GHOST TRAIN, By Paul Yee, Pictures by Harvey Chan GroundwoodRagged Bears Pounds 8.99
THE LAST TRAIN, By Kim Lewis, Walker Pounds 4.99 pbk
LITTLE RED TRAIN TO THE RESCUE, By Benedict Blathwayt, Julia MacRae Pounds 9.99
THE RUNAWAY TRAIN, By Benedict Blathwayt Red Fox Pounds 4.50 pbk
No theatre holds more human drama than a railway station. For almost two centuries it has been the focal point of meetings and partings, of welcome and of exile, of holidays and new beginnings. Tolstoy, Dickens, Gaskell and, of course, E Nesbit all saw the fictional power of the then (fairly) new invention. Paintings? Turner for a start. Cinema? High Noon, Brief Encounter, The Lady Vanishes. Poems? Make your own list, but if you have to choose one let it be Edward Thomas's "Adlestrop". And didn't Elgar write the haunting children's music for "The Starlight Express" - a title recently looted?
Among more recent railway-angled books for the young, Ghost Train stands out. One reason is the central theme - who were the nameless men who laid the tracks and built the engines? Another is the writing. This is an ambitious book, not unlike old fairy tale in its design.
Choon-yi is the daughter of poor peasants in south China. Born with only one arm, she is an artist of rare quality. When she is 12 her father sails for north America to become a labourer on the railways. For two years he sends money, wonderful letters and finally a message - Choon-yi must come with her painting materials. When she arrives, he is dead - killed by a landslide with other workers. No bodies have been found. He tells Choon-yi in a dream to paint the "firecar" that has taken so many lives. She studies a train in detail (fact-loving readers will approve), then bravely takes a ride. What are the wailing cries she hears?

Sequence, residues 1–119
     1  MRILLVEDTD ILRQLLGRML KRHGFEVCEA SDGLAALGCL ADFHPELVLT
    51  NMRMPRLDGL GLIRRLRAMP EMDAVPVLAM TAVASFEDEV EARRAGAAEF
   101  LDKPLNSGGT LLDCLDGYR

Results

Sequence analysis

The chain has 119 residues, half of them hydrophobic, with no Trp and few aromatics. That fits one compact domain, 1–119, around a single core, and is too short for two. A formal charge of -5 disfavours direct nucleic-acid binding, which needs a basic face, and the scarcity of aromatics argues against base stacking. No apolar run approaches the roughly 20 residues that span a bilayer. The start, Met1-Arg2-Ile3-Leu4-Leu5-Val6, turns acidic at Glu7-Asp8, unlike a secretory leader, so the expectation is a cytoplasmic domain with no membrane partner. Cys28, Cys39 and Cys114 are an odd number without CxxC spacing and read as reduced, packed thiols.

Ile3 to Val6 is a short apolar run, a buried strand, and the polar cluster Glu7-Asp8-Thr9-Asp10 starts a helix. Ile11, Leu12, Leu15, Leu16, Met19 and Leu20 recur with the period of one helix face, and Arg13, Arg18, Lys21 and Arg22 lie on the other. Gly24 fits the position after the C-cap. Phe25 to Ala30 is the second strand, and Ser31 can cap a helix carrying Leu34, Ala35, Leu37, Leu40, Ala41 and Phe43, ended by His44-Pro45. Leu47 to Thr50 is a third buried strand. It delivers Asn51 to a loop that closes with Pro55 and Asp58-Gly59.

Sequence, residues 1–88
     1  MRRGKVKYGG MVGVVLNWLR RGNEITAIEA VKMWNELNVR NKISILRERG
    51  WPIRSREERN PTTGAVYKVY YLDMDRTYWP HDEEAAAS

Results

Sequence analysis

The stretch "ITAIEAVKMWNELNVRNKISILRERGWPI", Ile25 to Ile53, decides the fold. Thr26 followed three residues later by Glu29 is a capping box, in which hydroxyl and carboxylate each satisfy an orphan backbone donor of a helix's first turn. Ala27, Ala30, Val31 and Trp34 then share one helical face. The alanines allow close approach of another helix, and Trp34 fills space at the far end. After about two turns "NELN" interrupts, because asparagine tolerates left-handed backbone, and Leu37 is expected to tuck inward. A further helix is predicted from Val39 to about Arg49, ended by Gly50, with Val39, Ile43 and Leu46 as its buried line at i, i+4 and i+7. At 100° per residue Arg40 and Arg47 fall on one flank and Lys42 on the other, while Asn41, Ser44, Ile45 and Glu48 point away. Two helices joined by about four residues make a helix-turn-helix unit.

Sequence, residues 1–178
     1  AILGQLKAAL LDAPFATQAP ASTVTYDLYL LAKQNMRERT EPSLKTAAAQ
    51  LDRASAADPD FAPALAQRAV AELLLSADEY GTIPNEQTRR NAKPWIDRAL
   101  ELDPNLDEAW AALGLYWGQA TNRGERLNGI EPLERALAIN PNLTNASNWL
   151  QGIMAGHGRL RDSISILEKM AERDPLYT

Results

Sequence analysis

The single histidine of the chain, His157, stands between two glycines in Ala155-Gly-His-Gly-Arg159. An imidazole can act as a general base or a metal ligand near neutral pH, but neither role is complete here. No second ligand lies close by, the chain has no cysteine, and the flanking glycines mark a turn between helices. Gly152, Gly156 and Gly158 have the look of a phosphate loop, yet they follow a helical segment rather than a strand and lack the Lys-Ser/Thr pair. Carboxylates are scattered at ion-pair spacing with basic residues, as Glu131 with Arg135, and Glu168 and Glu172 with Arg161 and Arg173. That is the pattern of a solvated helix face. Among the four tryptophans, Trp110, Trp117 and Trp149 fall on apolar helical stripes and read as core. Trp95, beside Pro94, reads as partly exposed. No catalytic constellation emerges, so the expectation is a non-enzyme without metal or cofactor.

This is a marvellous story. The pictures, too, are exceptional, wholly reflecting the text. You may find their prevailing dark-brown-ness a problem - why does the artist abhor daylight? But look again and you will be held.
In The Last Train, for younger readers, the overgrown railway line fits naturally into Kim Lewis's familiar rustic landscape. Sara and James clean up a derelict wooden hut once used by railwaymen, later by sheep, and call it their Railway Cottage. Sara pins up a red handkerchief by the fireplace. "Whoever waves this standing here," she announces, "will see a train, and the driver will stop." Does it work? Of course. The beguiling pastoral pictures, often on double page, do not fail.
For reading to or with the very young, try Benedict Blathwayt's Little Red Train stories. Busy, mild and amiable, they cover much the same landscape as the Awdry favourites. But Blathwayt gives the leading role to a resourceful Duffy Driver, who looks very much like a boy playing trains. But Red Train is no robot. In The Runaway Train, Duffy, doing a good turn as usual, forgets to put on the brakes, and the train chunters off on its own. With help from lorry, canal boat, bicycle, pony, tractor and helicopter, our indestructible driver lands on his naughty train and puts everything to rights. Heady stuff, that final rope ladder business in the air.
For nursery listeners the best features of Blathwayt's books are the tiny repetitive dramas (angst and solution, angst and solution), and the vividly shareable noises: the SCREEECH of the brakes, the WHE . . . EEE . . . EEE of Duffy's whistle and the CHUFFY CHUFFY CHUFFY CHUFF throughout.